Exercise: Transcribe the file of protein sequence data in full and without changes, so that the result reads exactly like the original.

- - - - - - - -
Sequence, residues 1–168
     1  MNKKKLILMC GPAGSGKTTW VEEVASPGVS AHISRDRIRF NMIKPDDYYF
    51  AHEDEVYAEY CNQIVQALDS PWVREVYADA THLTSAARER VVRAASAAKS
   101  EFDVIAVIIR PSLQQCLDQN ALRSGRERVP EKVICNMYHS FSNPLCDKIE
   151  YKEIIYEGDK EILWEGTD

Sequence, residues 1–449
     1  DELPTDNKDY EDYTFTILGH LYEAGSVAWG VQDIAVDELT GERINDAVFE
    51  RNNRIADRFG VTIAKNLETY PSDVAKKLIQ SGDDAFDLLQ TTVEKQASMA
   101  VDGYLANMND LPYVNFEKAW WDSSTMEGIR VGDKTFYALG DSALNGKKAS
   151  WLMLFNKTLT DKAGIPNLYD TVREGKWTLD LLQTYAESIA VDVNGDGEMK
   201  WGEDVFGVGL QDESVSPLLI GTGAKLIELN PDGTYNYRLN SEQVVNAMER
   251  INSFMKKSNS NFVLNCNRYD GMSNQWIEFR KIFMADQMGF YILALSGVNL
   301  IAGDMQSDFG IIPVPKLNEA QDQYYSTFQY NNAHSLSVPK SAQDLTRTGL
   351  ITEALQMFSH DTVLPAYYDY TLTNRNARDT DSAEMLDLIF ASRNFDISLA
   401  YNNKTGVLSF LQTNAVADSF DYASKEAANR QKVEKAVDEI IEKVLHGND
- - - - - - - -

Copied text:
Sequence, residues 1–168
     1  MNKKKLILMC GPAGSGKTTW VEEVASPGVS AHISRDRIRF NMIKPDDYYF
    51  AHEDEVYAEY CNQIVQALDS PWVREVYADA THLTSAARER VVRAASAAKS
   101  EFDVIAVIIR PSLQQCLDQN ALRSGRERVP EKVICNMYHS FSNPLCDKIE
   151  YKEIIYEGDK EILWEGTD

Sequence, residues 1–449
     1  DELPTDNKDY EDYTFTILGH LYEAGSVAWG VQDIAVDELT GERINDAVFE
    51  RNNRIADRFG VTIAKNLETY PSDVAKKLIQ SGDDAFDLLQ TTVEKQASMA
   101  VDGYLANMND LPYVNFEKAW WDSSTMEGIR VGDKTFYALG DSALNGKKAS
   151  WLMLFNKTLT DKAGIPNLYD TVREGKWTLD LLQTYAESIA VDVNGDGEMK
   201  WGEDVFGVGL QDESVSPLLI GTGAKLIELN PDGTYNYRLN SEQVVNAMER
   251  INSFMKKSNS NFVLNCNRYD GMSNQWIEFR KIFMADQMGF YILALSGVNL
   301  IAGDMQSDFG IIPVPKLNEA QDQYYSTFQY NNAHSLSVPK SAQDLTRTGL
   351  ITEALQMFSH DTVLPAYYDY TLTNRNARDT DSAEMLDLIF ASRNFDISLA
   401  YNNKTGVLSF LQTNAVADSF DYASKEAANR QKVEKAVDEI IEKVLHGND